Wall Street Journal  Aug 13  Comment 
William Taubman of Taubman Centers says the mall isn’t dead. It’s just changing.
Motley Fool  Apr 12  Comment 
Late last month, GGP agreed to be acquired for less than its net asset value. However, this may not mean much for shareholders of other high-quality mall REITs.


Michigan-based Taubman Centers, Inc. (TCO) is a real estate investment trust (REIT) which owns and operates regional shopping centers. TCO owns a smaller number of properties in fewer geographic areas than its competitors, but these properties are more valuable than those of competing companies. TCO's tenant sales of $555 a square foot are the highest in the mall industry, and its properties command, on average, the highest rents of any mall operator in the nation.[1] As a result, TCO's revenues and market capitalization are in line with its competitors even though the company owns fewer properties.

Like other retail REITs, TCO's fortunes are connected to those of its retail tenants, who fare poorly when the U.S. economy is contracting, and face threats from discount and stand alone big box stores.

In 2007 TCO increased its line of revolving credit and refinanced mature debt to insulate itself from the growing credit crisis - financing being crucial to a company that aquires real estate. As a result, the company won't have to pay off any of its long-term debt until 2010.

The company's properties are in urban or suburban metropolitan areas throughout the United States, and its shopping centers are relatively large, ranging in size from between 242,000 and 1.6M square feet of Gross Leasable Area (area available to be leased), with the smallest center housing over 60 stores and the largest over 200.[2]

Business Financials

TCO's primary source of revenue comes from leasing space in its properties. TCO receives revenues from its tenants in the form of base rent (a pre-specified amount per square foot stipulated in a tenant's lease), expense reimbursements the company receives from its tenants for the costs of maintaining a tenant's space, and pre-specified "percentage rents" (percentage of tenants sales paid towards the property owner). TCO also earns a small amount of revenue each year from providing leasing and management services to third parties, though this accounted for only 6% of revenues in 2007.[3]

Unlike many industry peers Taubman does not use acquisition of properties as its primary driver of growth.[4] TCO prefers to expand by expanding and developing its existing properties.[5] To fund its expansion TCO uses debt and equity issuances, and it recycles capital by selling existing centers. The company is not as focused as its peers on expanding its portfolio; since TCO went public in 1992 it has developed 12 new centers, purchsaed 8 and sold 16.[6] The company is also examining expansion options in Asia, where it expects to develop five new properties over the next ten years.[7]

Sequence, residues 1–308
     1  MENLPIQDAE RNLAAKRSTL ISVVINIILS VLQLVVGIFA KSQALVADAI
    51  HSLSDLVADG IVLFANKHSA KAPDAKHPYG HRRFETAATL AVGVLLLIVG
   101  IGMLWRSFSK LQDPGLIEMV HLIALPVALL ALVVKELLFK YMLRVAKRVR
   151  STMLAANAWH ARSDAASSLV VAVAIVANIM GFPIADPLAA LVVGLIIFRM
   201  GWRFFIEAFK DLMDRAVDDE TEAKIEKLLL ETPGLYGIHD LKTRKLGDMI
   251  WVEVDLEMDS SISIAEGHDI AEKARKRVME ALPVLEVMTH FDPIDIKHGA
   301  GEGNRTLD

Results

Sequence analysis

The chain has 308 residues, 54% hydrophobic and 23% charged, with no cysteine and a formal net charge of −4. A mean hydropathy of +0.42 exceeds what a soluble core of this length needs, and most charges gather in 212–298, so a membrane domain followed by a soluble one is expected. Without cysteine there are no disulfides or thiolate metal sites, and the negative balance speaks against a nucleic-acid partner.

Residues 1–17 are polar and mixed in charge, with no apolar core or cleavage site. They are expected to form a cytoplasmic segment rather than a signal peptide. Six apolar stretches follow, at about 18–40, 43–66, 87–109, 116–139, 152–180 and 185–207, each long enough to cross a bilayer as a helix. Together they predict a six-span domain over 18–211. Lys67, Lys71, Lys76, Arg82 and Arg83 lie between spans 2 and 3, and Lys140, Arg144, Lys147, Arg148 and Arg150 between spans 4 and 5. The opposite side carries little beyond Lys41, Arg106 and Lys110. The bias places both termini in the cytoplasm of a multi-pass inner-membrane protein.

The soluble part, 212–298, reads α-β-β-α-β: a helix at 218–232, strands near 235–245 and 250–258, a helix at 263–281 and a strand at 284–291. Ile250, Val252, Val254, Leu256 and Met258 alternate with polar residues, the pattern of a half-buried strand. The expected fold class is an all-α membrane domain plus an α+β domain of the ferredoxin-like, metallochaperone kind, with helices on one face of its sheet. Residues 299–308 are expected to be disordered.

During 2007 revenues at TCO continued to grow, up approximately 8% from 2006.[8] The vast majority of the increase was seen in minimum rents and expense recoveries, due to the consolidation of one new center, the opening of development in October and the expansion of an existing retail center.[9] Operating income was also up for the year. Comparing operating income with revenues, it is encouraging that TCO's operating income as a percentage of revenues has been steadily increasing, reaching 12% in 2007.[10] TCO's operating income (revenues TCO receives from operating its properties less its expenses from operating those properties) is a measure of TCO's ability to operate its core business profitably. The company is becoming more efficient in operating its centers, as the percentage of revenue it is able to convert to income increases each year.

TCO's Funds From Operations (FFO) has also been steadily increasing. FFO, a performance measure commonly used in the real estate industry, is obtained from a company's net income, excluding any gain/sale on real estate sold during the period and excluding any depreciation/amortization. This is contrasted with TCO's net income, which has increased and decreased sporadically in the past five years. This again suggests that the company has been realizing steady increases in cash flow from its centers, even though its income fluctuates because of accounting gains or losses due to depreciation of its buildings.

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TCO's Funds From Operations (FFO) has also been steadily increasing. FFO, a performance measure commonly used in the real estate industry, is obtained from a company's net income, excluding any gain/sale on real estate sold during the period and excluding any depreciation/amortization. This is contrasted with TCO's net income, which has increased and decreased sporadically over the past five years. This again suggests that the company has had steady increases in income from operating its centers, though its accounting income is sporadic due to accounting gains or losses due to the depreciation of its buildings.